Originally published Feb. 9, 2016; updated Feb. 23, 2020 (with instructions for hiding the “baby”)
By Patricia Hall, FairfaxFamilyFun.com
Today I am meeting a group of people, and just for fun, I will be bringing this:
They don’t know I am bringing it, so hopefully it will be a nice surprise. But more than that, hopefully they will know what it is! Do YOU recognize it? If you said “King Cake,” you’re right, and to you, I say “Happy Mardi Gras!”
Each Tuesday before Lent is Shrove Tuesday (also known as Mardi Gras), the last day before the lenten period leading up to Easter. Lent is a season of penance, reflection, and fasting, and many who observe the season make sacrifices such as “giving up” certain foods or activities during this time. For many people, the last day before Lent is a time to celebrate, and it wraps up the Mardi Gras season.
The Mardi Gras (“Fat Tuesday) holiday itself, of course, usually brings up images of parades and debauchery in places such as New Orleans. But there are some simpler and more “tame” traditions, too, and one of these — which you can enjoy right in your home — is the serving of the King Cake. This traditional treat is made from a sweet brioche dough, formed in the shape of a circle or “crown,” and topped with a glaze with colored sugar on top. The sugar and decorations are in purple, green, and gold, the colors of Mardi Gras which represent justice, faith, and power, respectively.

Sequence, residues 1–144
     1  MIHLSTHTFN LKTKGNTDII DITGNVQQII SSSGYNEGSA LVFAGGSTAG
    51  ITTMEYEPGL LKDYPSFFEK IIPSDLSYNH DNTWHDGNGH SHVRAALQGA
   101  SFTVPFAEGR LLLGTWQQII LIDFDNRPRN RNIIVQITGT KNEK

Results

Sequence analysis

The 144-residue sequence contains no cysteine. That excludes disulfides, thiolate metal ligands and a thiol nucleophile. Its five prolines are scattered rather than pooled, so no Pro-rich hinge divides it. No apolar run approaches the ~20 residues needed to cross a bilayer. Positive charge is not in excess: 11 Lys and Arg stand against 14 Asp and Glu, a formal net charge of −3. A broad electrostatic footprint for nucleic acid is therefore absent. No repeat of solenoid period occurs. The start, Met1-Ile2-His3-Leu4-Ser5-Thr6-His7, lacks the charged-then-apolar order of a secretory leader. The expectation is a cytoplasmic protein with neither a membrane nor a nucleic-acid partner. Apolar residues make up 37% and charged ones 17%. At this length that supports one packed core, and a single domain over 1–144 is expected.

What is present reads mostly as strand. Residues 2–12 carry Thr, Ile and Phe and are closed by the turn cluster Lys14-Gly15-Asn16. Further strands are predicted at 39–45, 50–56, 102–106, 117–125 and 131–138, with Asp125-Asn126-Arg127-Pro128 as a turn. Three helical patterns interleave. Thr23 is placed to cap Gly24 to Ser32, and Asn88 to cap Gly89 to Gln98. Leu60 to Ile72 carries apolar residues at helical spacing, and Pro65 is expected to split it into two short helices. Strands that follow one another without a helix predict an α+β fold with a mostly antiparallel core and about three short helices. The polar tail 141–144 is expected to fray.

These cakes often have a small plastic baby hidden inside (said to represent Baby Jesus), and tradition has it that the person who finds it in his or her cake has certain honors and duties — for example, being the “King” of this year’s Mardi Gras, but also having to buy the cake next year. Sometimes the cakes also come with purple, green, and gold Mardi Gras beads on top.
King Cake is a yummy treat (think of a sweet and colorful coffee cake) and the tradition of finding the hidden trinket is a fun and easy one to adopt. You can buy a King Cake at a bakery or at a supermarket but be warned: because of concerns about choking hazards — especially for those who have no idea what a King Cake is — some of the mass-produced cakes from the supermarkets (such as the one I bought, pictured above) don’t even have the baby figure in them anymore. This is likely from worries about a choking hazard, especially for people unfamiliar with king cake (the “baby” seems to be getting bigger each year, too!).
But you can always cut a small slit somewhere in the bottom of the cake to insert the little plastic baby yourself. If you want your family or guests to enjoy the “hunt,” then, you can hide the baby (or, if your cake didn’t come with one, a little trinket of your own) before serving it. Just remember to tell your guests what to look for! (More often than not, I have had to explain to others what a King Cake is.)
Happy Mardi Gras, and laissez les bon temps rouler!